Back in the day, I played a game called Life and Death. It was, without a doubt, one of the hardest games ever made. I had a friend who was an actual surgeon, and he said real surgery is easier than this game. If people in the real world died with the frequency with which patients die in Life and Death, the population would be cut in half. In this game, patients can die just from the initial incision, not to mention during the actual operation.
The game is now available for free online as abandonware. Amazingly, I still got it to run with no problems. When someone can explain why a twenty-year old DOS-based game works fine while my ten-year old Windows-based Command and Conquer game from 1995 wouldn't run without patches, I'll understand computers.
* Life and Death was released in 1988 by The Software Toolworks.
* The game apparently had a cult following among medical students.
* The original game came with a surgical mask and latex gloves. I don't remember getting those.
* There haven't been many other surgical simulations since L&D's release. One exception is Trauma Center: Under the Knife (Cadeuceus in the original Japanese version) for the Nintendo DS. Also Adult Swim has a parody game called Amateur Surgeon.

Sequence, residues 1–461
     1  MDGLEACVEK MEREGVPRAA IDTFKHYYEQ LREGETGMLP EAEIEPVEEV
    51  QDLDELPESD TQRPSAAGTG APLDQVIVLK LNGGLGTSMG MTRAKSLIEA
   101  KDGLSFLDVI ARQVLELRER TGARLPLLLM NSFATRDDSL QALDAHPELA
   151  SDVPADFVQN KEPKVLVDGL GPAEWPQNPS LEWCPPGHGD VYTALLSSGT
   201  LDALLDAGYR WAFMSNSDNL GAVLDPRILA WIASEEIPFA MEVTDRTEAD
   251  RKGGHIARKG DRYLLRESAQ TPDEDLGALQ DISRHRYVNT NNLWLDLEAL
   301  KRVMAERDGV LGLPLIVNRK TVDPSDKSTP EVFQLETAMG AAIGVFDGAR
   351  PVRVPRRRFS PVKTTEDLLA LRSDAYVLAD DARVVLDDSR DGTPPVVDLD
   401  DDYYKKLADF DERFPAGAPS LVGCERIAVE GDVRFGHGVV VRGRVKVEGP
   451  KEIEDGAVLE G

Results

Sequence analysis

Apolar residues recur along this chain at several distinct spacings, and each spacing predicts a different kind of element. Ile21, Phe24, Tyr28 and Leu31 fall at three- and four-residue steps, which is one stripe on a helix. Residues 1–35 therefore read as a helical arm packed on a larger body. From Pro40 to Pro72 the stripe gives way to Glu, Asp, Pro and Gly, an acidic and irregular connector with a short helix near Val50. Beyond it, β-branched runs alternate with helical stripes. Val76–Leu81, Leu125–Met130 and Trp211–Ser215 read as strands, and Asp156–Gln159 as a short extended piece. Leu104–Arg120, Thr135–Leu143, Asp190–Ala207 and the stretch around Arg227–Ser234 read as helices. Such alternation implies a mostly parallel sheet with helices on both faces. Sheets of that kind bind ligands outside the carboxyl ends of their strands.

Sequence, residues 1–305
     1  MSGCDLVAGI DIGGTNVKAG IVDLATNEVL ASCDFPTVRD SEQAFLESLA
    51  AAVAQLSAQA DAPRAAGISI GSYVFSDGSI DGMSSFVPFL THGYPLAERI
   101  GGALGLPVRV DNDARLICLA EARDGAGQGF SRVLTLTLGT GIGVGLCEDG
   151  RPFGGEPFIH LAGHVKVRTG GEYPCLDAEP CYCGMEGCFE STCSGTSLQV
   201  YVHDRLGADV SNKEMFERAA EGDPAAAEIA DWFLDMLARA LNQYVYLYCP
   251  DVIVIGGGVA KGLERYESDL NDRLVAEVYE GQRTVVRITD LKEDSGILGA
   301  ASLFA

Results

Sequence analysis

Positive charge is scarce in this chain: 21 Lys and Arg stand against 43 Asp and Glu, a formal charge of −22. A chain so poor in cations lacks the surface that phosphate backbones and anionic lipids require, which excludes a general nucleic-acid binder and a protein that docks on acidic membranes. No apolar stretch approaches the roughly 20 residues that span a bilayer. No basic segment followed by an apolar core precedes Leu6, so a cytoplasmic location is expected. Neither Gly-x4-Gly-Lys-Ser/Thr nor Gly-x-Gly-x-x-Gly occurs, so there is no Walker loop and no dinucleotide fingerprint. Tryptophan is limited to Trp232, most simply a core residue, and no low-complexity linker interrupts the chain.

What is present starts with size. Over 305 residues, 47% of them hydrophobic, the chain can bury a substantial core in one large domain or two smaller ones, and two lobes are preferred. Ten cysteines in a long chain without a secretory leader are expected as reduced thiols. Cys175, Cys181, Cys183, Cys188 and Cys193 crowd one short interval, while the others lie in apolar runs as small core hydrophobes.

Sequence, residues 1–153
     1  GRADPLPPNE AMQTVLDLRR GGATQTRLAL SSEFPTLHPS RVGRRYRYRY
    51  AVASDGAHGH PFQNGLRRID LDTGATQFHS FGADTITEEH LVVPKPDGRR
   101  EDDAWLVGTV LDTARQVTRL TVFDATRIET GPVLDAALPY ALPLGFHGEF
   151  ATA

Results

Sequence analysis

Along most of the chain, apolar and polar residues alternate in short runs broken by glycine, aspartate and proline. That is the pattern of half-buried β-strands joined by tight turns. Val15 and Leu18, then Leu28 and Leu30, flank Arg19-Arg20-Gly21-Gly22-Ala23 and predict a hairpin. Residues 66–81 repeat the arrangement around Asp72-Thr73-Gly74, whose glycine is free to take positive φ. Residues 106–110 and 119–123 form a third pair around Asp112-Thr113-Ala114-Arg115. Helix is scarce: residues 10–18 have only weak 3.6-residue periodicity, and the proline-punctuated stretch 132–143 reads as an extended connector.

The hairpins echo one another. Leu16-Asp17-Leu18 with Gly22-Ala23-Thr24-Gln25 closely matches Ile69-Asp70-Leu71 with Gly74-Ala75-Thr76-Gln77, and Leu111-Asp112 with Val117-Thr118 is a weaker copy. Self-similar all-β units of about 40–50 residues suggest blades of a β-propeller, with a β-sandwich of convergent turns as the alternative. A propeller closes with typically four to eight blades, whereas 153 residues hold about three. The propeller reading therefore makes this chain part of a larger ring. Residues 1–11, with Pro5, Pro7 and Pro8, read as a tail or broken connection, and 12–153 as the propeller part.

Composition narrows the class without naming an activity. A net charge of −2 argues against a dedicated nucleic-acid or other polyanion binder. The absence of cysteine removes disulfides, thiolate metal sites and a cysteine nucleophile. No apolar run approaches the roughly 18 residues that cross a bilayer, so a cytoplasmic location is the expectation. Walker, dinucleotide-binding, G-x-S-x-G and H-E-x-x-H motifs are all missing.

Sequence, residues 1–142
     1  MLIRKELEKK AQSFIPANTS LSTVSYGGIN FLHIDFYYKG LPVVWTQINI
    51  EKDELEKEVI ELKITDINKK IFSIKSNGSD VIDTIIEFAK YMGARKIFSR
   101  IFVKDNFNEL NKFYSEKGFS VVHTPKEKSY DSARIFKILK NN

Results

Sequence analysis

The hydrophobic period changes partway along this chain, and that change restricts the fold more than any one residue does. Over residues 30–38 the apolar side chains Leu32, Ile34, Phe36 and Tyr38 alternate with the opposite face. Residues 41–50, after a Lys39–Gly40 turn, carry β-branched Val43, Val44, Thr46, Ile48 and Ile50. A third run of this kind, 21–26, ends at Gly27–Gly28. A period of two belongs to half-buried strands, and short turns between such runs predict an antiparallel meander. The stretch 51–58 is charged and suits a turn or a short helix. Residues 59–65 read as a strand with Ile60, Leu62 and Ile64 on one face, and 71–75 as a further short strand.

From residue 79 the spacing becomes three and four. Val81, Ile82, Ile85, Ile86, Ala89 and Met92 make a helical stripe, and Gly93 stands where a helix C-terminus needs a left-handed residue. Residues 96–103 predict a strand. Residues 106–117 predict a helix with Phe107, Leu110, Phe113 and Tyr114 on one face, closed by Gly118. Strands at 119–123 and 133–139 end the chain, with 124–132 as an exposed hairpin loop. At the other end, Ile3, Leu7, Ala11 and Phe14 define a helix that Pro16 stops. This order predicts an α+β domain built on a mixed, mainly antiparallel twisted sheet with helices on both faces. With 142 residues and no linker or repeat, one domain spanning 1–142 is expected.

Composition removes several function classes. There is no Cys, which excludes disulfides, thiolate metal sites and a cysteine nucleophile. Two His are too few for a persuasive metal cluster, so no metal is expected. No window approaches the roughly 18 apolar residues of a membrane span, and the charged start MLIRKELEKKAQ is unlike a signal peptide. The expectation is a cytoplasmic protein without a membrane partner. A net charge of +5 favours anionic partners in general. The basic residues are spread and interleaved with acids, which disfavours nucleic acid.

* Though the game claims to be based on actual surgical techniques, it included a warning that it was not a substitute for medical care and should not be used for medical advice. I can just imagine what brought that on - "Honey, my belly hurts. Boot up that 'Life and Death,' see what it says." "Well, according to the game, you got appendicitis. Lie down, I've done this surgery a thousand times in the game. Can't be that hard in real life."
* There was a sequel called Life & Death: The Brain. If abdominal surgery is this hard, I can only imagine what a nightmare brain surgery is like.
* Of course, the go-to on the game is Wikipedia. You can download the game for free at Thehouseofgames.net. Free-game-downloads has the game and a manual, but you have to pay for them. The walkthrough at GameFAQs is a must-have. Reading what steps are required to pull off a successful operation explains why my patients never lasted long.